In early November, 22-year-old Hank Fordham logged into an Arizona man’s Nest security camera from his home in Calgary, Alberta, and started broadcasting his voice , talking to the owner directly and warning him about his insecure device. It wasn’t the first time that Fordham had done this.
In the last year, Fordham says he and his colleagues in the Anonymous Calgary Hivemind―a collective of white hat hackers―have hacked into between five and 10 different smart home security camera accounts and communicated with people on the other end.
Fordham told me in a phone call that his goal in the much-publicized Arizona incident wasn’t to frighten anyone, he simply wanted to warn users about the fact that their accounts weren’t as secure as they may have thought.
“The goal was that after enough interaction we would prompt some kind of response from Nest in the form of mitigating the vulnerability,” Fordham said.
I contacted Fordham via the Anonymous Calgary email. Someone responded and said they would put the right person in touch. Shortly after I got an email, Twitter DM, and voicemail all from Fordham. He even recited my initial email to Anonymous Calgary back to me in the voicemail to verify that he got my information from the group.
Read more: More Than 120,000 Internet Connected Cameras Can Be Easily Hacked, Researcher Warns
Fordham told me he gained access through a simple technique known as credential stuffing . When a large scale data breach happens, such as the Quora leak earlier this month , the database of stolen information―which may include emails and associated passwords― often gets bought and sold across the web. Those lists of emails and passwords can be easily accessed; you don’t even need to go on the dark web .
If you use the same email and password to log in to multiple accounts, a hacker can easily gain access to them just by popping in credentials leaked in a previous breach. There is even software that will automatically try the logins of all the users in a dataset to find which ones work. It makes it an all-too-easy hack to pull off, Fordham warned.
“There are plenty of these tools becoming available even on the clear web,” Fordham said. “It’s not even uncommon now to go on Facebook and find Fortnite cracking groups, with younger people selling Fortnite accounts they’ve received through this exact same method. There are literally kids out there doing this.”
The Arizona call in early November was filmed by the Nest user himself, Phoenix-based realtor Andy Gregg. Gregg then shared the video with a local news source to try to raise awareness about the risks of insecure internet-connected devices. In the video, Fordham’s voice can be heard over the speaker telling Gregg that he was contacting him in the creepiest way possible to warn him.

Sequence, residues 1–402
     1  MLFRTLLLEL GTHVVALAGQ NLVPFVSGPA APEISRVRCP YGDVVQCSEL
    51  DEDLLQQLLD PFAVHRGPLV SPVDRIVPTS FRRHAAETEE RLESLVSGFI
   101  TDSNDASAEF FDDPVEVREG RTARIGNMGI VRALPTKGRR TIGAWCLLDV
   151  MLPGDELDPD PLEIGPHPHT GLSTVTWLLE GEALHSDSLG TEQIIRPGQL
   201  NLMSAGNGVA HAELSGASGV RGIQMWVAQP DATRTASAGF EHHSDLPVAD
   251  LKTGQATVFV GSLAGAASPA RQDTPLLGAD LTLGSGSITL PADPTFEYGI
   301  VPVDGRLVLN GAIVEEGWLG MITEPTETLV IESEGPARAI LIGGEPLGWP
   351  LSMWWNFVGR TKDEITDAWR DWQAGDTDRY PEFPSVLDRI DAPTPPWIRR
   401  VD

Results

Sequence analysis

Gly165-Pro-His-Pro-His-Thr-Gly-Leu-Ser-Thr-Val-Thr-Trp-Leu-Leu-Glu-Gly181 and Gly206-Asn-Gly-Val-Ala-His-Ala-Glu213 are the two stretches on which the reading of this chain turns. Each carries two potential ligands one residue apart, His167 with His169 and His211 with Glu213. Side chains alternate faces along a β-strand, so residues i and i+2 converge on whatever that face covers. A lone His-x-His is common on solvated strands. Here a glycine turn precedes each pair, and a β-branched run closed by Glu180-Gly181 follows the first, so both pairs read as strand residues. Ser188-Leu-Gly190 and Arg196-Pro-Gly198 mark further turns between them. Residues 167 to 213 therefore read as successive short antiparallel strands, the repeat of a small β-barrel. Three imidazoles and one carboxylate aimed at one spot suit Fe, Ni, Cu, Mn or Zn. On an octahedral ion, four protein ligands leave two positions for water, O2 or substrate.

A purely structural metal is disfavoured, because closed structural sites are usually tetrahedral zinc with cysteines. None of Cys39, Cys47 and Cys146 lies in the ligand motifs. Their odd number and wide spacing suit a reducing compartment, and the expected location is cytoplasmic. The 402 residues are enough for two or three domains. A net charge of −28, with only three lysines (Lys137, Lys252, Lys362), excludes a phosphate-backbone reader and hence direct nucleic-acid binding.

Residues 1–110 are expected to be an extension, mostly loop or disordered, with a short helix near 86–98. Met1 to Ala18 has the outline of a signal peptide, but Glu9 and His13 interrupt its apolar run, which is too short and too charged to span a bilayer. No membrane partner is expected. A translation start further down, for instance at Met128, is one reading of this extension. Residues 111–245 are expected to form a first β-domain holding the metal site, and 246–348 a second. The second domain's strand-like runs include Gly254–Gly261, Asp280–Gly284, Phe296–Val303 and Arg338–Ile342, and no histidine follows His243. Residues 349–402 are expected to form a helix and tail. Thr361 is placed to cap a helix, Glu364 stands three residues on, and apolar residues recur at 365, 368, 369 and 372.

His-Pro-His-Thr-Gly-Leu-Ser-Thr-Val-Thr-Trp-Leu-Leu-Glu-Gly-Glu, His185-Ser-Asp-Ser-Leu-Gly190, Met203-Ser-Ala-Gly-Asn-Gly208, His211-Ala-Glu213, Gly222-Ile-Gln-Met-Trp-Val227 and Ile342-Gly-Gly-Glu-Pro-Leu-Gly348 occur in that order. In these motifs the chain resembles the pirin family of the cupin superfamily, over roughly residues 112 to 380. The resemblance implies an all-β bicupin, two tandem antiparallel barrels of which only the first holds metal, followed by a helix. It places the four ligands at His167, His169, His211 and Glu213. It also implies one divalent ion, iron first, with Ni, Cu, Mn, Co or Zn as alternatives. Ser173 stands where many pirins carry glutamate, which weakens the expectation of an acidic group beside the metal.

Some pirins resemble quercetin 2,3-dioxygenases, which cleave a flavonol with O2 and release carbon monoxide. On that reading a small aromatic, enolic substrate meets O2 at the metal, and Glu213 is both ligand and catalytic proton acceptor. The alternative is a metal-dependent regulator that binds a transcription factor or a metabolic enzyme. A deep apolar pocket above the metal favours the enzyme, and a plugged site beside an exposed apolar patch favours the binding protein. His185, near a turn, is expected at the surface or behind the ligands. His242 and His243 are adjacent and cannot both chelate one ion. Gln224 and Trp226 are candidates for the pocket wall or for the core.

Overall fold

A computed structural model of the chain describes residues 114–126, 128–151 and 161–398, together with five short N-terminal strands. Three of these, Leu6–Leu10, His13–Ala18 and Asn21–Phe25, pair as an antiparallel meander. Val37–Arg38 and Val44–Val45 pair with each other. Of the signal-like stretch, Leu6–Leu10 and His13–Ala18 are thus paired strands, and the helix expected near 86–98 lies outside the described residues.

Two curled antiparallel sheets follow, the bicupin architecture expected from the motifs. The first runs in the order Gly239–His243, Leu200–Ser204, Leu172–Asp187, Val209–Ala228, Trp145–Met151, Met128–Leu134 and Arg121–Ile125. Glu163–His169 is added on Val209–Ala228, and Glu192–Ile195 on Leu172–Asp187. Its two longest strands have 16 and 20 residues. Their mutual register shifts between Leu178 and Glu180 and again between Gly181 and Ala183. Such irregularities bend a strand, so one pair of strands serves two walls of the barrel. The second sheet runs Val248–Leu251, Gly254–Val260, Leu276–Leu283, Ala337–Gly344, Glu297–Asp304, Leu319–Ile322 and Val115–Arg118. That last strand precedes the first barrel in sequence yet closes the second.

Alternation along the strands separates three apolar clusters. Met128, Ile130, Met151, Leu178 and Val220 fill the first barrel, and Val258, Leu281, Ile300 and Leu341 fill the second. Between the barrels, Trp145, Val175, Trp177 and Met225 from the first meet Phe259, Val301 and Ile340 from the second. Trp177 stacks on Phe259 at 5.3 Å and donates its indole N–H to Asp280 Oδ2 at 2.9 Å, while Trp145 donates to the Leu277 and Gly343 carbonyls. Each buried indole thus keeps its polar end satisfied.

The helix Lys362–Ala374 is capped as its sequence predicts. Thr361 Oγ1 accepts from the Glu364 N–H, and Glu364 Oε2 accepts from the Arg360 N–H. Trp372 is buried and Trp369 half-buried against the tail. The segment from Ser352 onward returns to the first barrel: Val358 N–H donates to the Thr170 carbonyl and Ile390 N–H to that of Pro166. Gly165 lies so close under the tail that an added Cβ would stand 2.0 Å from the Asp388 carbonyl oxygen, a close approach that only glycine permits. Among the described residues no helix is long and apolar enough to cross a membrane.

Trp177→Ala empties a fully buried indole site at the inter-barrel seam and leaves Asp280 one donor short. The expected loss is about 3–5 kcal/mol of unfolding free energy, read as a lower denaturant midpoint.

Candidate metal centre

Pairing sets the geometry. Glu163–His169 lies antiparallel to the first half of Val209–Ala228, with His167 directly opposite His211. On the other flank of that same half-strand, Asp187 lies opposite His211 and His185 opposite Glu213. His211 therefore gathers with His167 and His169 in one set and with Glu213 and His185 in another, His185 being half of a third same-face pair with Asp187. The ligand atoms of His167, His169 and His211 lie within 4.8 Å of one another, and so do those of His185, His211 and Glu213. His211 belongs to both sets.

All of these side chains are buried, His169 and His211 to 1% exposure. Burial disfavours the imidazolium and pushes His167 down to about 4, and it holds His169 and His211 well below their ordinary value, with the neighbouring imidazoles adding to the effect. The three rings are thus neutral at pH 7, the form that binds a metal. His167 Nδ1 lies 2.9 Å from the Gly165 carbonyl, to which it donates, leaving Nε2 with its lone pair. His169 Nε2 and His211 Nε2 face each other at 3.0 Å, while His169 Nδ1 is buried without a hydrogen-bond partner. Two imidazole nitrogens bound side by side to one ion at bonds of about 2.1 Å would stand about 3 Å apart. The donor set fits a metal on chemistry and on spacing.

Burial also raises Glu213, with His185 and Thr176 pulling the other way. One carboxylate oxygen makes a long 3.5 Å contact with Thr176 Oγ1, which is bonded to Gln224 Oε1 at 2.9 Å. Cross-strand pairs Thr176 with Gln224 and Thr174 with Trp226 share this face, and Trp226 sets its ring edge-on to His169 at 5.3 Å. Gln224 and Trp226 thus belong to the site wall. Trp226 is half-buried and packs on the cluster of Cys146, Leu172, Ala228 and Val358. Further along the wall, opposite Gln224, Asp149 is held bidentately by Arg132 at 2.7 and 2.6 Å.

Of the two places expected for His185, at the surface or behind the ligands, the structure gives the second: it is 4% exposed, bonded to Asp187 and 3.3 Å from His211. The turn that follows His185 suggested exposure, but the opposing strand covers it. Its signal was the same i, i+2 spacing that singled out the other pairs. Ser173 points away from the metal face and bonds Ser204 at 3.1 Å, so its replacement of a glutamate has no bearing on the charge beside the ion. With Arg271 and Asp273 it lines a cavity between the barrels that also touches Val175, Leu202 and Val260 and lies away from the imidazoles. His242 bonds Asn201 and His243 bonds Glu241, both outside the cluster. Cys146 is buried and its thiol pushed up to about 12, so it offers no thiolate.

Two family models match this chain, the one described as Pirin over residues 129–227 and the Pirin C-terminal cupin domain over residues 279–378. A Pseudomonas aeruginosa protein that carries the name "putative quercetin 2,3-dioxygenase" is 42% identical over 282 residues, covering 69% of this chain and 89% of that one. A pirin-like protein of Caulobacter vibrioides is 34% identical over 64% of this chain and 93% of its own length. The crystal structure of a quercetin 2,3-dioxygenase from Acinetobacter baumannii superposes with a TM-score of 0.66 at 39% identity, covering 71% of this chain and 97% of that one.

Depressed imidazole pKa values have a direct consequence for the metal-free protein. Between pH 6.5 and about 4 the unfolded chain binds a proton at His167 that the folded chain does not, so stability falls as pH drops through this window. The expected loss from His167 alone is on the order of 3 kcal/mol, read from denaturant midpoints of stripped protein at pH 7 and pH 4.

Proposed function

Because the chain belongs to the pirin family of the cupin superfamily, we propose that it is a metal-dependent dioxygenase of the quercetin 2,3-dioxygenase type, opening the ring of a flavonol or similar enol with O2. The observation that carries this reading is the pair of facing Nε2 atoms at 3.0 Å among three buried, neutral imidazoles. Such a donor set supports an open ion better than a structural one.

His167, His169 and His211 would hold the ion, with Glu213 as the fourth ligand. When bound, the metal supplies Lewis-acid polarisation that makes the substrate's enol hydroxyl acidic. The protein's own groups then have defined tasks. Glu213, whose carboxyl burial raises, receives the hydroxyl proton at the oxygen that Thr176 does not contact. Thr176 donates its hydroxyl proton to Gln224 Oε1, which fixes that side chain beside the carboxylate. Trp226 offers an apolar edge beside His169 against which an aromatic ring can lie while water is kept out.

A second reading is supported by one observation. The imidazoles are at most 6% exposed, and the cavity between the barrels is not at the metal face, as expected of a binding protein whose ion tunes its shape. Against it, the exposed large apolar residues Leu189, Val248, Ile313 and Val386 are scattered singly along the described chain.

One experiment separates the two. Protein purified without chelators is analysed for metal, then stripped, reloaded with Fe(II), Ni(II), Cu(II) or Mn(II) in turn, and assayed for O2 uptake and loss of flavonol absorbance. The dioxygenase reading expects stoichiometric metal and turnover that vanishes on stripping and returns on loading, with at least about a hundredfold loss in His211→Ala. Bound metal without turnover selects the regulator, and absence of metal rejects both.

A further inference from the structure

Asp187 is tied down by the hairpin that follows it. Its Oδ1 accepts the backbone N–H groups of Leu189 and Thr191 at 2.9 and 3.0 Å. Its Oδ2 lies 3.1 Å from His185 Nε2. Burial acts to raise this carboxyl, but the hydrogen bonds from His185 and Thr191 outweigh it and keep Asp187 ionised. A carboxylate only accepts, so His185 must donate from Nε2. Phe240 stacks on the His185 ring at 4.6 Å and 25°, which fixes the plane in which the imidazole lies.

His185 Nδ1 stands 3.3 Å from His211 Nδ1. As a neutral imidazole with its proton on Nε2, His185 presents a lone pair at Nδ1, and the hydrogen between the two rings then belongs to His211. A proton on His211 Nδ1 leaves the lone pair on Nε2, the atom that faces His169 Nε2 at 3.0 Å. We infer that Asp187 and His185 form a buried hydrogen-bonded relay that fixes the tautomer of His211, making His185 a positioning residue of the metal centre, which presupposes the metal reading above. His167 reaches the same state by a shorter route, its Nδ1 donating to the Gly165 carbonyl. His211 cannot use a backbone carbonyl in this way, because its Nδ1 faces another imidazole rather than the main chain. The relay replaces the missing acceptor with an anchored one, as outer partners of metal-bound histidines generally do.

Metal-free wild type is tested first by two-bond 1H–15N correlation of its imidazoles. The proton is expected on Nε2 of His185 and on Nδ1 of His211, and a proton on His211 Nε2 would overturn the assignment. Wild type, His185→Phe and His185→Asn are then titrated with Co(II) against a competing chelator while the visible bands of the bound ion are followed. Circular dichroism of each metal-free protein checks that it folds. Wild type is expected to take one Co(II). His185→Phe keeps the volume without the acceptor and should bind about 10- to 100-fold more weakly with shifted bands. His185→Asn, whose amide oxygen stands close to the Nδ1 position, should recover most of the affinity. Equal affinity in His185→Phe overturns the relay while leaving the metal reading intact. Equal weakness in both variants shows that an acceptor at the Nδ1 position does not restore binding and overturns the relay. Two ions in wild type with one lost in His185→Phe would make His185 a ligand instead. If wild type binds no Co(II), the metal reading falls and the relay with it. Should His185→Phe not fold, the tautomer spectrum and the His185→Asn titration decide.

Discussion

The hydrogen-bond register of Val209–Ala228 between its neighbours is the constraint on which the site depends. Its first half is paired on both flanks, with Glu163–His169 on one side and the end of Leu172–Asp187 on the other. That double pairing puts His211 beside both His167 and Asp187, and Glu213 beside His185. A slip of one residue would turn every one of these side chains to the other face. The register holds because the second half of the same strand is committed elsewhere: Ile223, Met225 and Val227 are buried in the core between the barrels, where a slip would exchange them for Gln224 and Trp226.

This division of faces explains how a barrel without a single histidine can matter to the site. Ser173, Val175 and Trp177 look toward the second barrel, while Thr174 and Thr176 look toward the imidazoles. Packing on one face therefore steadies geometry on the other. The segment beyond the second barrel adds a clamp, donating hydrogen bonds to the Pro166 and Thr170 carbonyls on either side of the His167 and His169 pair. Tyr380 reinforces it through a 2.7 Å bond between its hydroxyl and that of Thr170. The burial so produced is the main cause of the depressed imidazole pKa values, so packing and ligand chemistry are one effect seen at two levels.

Motherboard was able to verify that Fordham was the same person who hacked the device through screenshots he shared that included the name of the camera Gregg set up, which we corroborated with Gregg. He also had Gregg’s email address, and Gregg said he had spoken to Fordham over the phone since the incident and is convinced it is the same person.
Gregg told me he has since unplugged his Nest cam altogether and does not plan to use it anymore, even with a different password or two-factor authentication enabled, because he’s too disturbed by the whole experience.
“It was so freaky,” Gregg said. “It was a similar feeling to how I imagine it feels to get robbed, with all your stuff scattered everywhere. I was totally freaked out.”
Fordham told me he recognized how creepy this approach is, and said he and his fellow hackers agonized a bit over whether this was the best way to contact people.“Usually we would send out mass emails [to alert people], which generally get ignored,” Fordham said. “After talking with a few other users in the Hivemind and discussing that there was nothing being done, so we decided to contact a handful of users.”
It’s a scenario that Fordham is convinced could have been avoided if Nest took some simple precautionary measures, he told me, such as prompting users to set up two-factor authentication (2FA.) and changing their re-used passwords when its been compromised in a hack on another site.
Nest has previously sent out emails to users when their password has been detected in a leak, as it did May this year . Gregg told me he never received such an email.
“Nest has reset all the accounts where customers reused passwords that were previously exposed through breaches on other websites and published publicly,” a Nest spokesperson told me in an email. “For added password security, we’re preventing customers from using passwords which appear on known compromised lists. As before, we encourage all customers to use two-factor verification for added account security, even if your password is compromised.”
But Fordham, who himself is a Nest user, said it’s not really intuitive to set up 2FA for a Nest unit, and it’s clear that not all users are getting the message, as evidenced by the number of accounts Fordham and his fellow hackers at the Calgary Anonymous Hivemind logged into. Fordham told me about one user, a hair salon in Toronto, that also recorded the encounter, though he hasn’t seen the footage shared online yet.
While taking the time to set up basic security and privacy protections can help reduce the risk of this kind of thing happening to you, it’s also a good reminder that big corporations don’t necessarily have your privacy and security top of mind.
Many people take for granted that nobody is peering into their home through their internet-connected cameras, but that’s not an assumption that’s safe to make.